You can read the report below:

SIGAR reports that the United States has “ongoing audits” to determine the extent of the benefits the Taliban receives from U.S. aid. The six educational programs funded by the State Department and USAID are estimated to cost approximately $185 million, according to the report. Only a fraction of the funds have been dispersed so far.

Taliban interference and influence over U.S. aid in Afghanistan is not limited to the education sector. SIGAR has also found significant Taliban interference in the World Food Program’s (WFP) provision of aid to the country.

More than half of U.S. funds earmarked for food aid to Afghanistan are dispersed to WFP in support of its projects, according to the most recent quarterly report to Congress from SIGAR. WFP is an organization affiliated with the United Nations dedicated to providing food assistance around the world.

Aid organizations and the beneficiaries in Afghanistan reported instances of fraud, waste, and abuse, theft, and food diversion. Thirty-two specific instances were reported by the WFP to USAID from January 2020 to December 2022, even before the Taliban took complete control of the country, SIGAR reported.

These same organizations reported increasing interference by the Taliban in food distribution, including by inserting themselves into the organizations’ data collection, preventing female aid workers from carrying out their duties, stealing food supplies, and pressuring aid workers, according to the report for SIGAR.

You can read the food assistance report below:

Additionally, as Just the News documented yesterday, the UNRWA — which is partially funded by the United States — has historically come under scrutiny for its educational work, which has been found to include antisemitic and anti-Israel materials.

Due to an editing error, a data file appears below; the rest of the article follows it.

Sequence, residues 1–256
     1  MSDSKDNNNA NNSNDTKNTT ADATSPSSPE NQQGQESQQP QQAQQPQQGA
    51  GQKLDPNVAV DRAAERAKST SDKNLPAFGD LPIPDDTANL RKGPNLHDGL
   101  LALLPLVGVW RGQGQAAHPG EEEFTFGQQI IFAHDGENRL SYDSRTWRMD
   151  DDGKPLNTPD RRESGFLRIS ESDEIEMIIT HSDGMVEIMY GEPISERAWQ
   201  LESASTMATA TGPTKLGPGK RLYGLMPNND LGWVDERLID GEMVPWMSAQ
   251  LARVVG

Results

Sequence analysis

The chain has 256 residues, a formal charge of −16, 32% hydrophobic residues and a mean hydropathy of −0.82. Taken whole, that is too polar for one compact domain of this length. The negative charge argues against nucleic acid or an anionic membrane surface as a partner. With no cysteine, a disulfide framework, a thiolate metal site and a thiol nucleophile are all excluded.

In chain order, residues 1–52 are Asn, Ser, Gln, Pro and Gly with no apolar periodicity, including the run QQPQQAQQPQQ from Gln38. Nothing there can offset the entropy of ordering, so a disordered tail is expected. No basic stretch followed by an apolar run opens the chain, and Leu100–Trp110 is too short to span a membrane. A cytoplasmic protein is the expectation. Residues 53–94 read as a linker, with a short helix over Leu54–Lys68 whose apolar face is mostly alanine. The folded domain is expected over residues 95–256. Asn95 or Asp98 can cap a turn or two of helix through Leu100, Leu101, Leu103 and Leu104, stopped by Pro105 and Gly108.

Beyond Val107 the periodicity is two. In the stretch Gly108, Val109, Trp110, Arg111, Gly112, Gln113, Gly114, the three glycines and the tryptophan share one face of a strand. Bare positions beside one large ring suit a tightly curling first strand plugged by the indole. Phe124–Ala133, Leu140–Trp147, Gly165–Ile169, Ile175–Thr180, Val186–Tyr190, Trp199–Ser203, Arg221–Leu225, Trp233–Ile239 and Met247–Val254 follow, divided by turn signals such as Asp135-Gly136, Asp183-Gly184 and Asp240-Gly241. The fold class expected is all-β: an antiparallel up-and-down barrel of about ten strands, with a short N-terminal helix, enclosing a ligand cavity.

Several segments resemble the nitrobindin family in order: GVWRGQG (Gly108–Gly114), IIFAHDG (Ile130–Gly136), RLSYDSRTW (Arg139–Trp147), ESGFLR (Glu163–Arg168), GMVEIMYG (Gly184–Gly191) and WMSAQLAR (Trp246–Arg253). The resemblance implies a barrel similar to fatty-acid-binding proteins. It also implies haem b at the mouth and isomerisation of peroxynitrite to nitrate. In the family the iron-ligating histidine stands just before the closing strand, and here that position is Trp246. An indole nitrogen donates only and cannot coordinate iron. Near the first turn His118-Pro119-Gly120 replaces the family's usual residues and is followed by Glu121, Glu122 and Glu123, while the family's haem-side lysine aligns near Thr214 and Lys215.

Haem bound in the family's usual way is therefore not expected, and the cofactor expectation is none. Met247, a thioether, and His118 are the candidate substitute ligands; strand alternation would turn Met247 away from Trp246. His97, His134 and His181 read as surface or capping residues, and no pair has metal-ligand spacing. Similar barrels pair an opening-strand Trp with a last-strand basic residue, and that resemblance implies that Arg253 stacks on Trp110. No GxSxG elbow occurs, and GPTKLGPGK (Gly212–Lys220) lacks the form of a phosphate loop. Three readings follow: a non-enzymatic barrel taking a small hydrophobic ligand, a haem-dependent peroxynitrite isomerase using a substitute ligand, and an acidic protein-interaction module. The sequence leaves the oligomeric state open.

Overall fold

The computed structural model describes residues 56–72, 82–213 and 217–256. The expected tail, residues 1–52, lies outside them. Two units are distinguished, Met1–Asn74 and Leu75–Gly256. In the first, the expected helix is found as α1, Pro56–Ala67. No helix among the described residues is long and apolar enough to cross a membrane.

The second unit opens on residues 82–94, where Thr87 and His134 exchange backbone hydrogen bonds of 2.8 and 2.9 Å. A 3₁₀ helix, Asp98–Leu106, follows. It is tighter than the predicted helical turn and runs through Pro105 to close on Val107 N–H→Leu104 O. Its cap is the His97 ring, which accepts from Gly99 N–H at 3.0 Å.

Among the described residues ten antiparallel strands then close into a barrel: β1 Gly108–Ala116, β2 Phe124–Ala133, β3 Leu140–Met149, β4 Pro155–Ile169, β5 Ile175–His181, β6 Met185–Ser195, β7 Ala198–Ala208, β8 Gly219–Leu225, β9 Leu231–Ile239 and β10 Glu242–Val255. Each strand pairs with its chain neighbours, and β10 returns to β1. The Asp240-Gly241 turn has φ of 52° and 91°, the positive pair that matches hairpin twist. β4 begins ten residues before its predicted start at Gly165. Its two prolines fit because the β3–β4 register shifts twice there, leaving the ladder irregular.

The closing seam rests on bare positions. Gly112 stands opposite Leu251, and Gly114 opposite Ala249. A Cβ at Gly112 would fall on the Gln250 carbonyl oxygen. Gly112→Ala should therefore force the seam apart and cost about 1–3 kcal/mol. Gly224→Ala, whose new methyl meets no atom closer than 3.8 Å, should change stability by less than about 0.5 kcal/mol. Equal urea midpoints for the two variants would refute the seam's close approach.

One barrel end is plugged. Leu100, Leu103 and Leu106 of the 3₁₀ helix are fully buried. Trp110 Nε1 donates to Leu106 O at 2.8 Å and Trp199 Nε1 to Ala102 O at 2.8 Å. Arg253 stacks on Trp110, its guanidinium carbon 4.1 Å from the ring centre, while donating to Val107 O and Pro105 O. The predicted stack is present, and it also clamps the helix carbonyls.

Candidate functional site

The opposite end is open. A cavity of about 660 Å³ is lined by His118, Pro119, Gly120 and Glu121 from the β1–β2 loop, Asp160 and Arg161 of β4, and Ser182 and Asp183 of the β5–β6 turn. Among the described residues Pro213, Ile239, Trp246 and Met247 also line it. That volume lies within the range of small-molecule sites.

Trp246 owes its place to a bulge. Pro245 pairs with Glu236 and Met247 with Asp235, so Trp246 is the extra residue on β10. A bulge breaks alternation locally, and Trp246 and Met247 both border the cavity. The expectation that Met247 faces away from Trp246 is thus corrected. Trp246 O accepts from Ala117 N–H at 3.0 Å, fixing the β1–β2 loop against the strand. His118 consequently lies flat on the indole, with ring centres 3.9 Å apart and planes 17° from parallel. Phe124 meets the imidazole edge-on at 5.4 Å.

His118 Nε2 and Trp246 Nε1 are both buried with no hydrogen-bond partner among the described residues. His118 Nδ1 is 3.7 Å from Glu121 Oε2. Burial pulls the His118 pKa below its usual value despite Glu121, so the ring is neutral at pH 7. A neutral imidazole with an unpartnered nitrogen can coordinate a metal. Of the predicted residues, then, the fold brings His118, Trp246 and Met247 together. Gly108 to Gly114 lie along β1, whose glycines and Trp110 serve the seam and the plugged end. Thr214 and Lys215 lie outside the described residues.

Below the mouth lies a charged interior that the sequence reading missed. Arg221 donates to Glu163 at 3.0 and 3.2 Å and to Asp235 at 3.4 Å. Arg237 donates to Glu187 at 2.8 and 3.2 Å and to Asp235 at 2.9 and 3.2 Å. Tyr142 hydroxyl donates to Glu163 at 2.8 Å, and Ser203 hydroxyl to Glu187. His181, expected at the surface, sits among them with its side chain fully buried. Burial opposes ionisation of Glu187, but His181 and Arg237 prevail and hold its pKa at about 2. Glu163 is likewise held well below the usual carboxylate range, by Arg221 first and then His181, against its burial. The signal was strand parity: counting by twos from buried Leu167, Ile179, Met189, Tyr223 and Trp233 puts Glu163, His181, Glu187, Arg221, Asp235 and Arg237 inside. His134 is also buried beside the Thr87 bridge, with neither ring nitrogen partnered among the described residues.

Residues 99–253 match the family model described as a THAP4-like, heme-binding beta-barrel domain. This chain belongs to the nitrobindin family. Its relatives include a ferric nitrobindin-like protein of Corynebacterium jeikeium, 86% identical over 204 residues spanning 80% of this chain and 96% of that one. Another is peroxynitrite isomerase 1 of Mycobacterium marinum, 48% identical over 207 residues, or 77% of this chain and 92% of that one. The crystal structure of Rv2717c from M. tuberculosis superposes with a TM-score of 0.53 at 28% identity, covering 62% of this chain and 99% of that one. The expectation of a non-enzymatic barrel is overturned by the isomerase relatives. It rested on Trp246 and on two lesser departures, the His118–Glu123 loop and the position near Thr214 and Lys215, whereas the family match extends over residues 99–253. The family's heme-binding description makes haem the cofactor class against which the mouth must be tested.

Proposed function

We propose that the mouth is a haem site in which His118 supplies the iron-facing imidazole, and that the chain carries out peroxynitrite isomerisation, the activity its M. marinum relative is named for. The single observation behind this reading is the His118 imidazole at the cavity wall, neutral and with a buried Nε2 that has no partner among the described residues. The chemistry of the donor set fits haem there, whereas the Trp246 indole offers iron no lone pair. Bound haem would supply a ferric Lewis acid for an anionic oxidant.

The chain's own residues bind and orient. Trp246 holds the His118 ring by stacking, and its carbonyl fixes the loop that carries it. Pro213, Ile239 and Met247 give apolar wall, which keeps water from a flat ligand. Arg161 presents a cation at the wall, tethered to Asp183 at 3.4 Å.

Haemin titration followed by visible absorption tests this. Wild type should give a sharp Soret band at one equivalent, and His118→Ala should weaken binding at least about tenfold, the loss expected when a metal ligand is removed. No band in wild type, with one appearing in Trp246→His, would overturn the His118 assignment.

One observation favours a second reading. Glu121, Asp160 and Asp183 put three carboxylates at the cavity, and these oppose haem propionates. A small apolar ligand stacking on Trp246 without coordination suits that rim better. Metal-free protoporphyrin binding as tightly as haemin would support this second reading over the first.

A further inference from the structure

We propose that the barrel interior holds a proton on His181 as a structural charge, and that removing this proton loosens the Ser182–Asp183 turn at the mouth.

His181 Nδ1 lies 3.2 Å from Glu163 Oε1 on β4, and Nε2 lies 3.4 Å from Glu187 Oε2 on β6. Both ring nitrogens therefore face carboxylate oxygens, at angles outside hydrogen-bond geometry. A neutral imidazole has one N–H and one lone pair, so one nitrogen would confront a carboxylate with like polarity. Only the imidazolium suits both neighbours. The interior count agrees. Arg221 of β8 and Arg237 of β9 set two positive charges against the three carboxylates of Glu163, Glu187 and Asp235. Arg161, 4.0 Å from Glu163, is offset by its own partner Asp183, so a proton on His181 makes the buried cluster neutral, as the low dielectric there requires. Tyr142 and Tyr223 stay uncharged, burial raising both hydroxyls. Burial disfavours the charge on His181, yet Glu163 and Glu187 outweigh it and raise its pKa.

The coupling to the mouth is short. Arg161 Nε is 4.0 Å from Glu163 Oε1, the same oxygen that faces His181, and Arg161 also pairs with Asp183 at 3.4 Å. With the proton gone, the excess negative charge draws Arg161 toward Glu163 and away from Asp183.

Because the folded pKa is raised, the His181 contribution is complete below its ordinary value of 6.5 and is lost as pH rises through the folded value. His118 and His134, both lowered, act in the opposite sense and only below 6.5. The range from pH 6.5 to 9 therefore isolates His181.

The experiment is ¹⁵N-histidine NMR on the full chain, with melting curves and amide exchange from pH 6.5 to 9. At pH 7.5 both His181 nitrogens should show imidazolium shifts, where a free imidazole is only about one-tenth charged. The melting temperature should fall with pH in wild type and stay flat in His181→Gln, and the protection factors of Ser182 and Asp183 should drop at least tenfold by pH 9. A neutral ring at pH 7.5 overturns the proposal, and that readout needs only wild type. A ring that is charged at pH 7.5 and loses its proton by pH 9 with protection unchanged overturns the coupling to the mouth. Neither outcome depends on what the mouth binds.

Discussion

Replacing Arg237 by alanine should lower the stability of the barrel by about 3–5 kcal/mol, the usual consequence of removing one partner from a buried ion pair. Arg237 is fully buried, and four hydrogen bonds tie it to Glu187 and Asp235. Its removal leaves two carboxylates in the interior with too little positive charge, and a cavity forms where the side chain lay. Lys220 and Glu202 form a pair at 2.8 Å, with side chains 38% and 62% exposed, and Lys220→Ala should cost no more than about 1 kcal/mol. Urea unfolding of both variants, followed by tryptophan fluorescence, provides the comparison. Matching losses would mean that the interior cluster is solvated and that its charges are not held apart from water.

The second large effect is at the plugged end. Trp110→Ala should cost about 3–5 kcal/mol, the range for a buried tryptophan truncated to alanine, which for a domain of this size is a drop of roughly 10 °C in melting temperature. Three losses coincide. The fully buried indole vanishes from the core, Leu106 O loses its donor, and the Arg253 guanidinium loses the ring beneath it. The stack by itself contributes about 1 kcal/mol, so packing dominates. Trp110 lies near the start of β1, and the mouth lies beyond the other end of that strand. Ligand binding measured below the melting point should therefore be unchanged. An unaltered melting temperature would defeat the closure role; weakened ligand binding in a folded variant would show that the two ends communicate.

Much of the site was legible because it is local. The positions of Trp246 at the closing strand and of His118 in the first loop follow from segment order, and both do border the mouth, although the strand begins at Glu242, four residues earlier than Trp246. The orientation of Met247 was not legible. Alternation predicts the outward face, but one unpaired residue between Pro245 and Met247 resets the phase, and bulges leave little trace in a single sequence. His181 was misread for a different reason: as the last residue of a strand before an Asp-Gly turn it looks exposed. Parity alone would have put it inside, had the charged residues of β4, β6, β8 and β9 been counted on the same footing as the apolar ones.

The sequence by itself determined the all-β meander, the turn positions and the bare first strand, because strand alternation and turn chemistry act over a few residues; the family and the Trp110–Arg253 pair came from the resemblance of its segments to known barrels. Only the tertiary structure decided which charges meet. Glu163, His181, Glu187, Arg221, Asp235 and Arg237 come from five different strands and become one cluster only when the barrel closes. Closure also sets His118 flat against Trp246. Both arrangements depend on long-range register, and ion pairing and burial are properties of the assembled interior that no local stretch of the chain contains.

In April 2018, the U.S. Department of Justice settled a civil fraud case with Norwegian People’s Aid, (NPA) another recipient of USAID funds, accused of providing material support to Hamas and other entities, including Iran, the Popular Front for the Liberation of Palestine, and the Democratic Front for the Liberation of Palestine.

The organization funded a project for Hamas called “Youth of Today…Leaders of Tomorrow” which trained youth affiliated with the organization to improve societal skills. The Department of Justice (DOJ) alleged that Hamas used this information to improve the groups’ attractiveness to youth to increase its support. According to the DOJ, in connection with the settlement, NPA admitted to and accepted responsibility for its conduct.

So far, Biden administration officials have said that there is no evidence that Hamas is preventing or diverting any aid that has entered the Gaza Strip.

U.S. Special Envoy David Satterfield, speaking in Jordan this weekend, told reporters that the aid distributors in Gaza have not reported any aid diversions since the Egypt first permitted trucks to cross the Gaza border in late October.

The distributors "do not report to us in this 10 day, 12 day period of assistance delivery, interdiction of or seizure of goods by Hamas," he said, according to Reuters.

USAID says that humanitarian aid to Gaza is being closely monitored for any potential diversion. “We take every precaution to safeguard all U.S. taxpayer supported humanitarian assistance for its intended purpose and support Palestinian civilians directly,” a USAID spokesperson told Just the News on Monday.

“To that end, USAID utilizes safeguards for assistance to Gaza that are over and beyond other high-risk environments to ensure that aid is delivered without Hamas influence and Hamas does not receive direct or indirect benefit” said the spokesperson, who declined to be identified by name.

“USAID’s risk mitigation measures for assistance to Gaza includes partner vetting, anti-terrorism certifications that require organizations to certify compliance with anti-terrorism laws, restrictions of facility names to ensure they do not recognize or honor terrorism, mandatory anti-terrorism clause provisions in grants and contracts, regular Office of Inspector General audits, and close cooperation with Israeli authorities on our assistance,” the spokesperson continued.

The Biden Administration has so far been unsuccessful in securing the “humanitarian pause” that both President Biden and Secretary of State Antony Blinken have called for in recent weeks, and there is considerable debate over the difference between a "humanitarian pause" and a "ceasefire."

Israel shows no signs of restraining its hunt for Hamas terrorists based in Gaza. On Monday, the Israeli Defense Forces said that the military has successfully encircled Gaza City, the most populated city in the Gaza Strip and the headquarters of Hamas.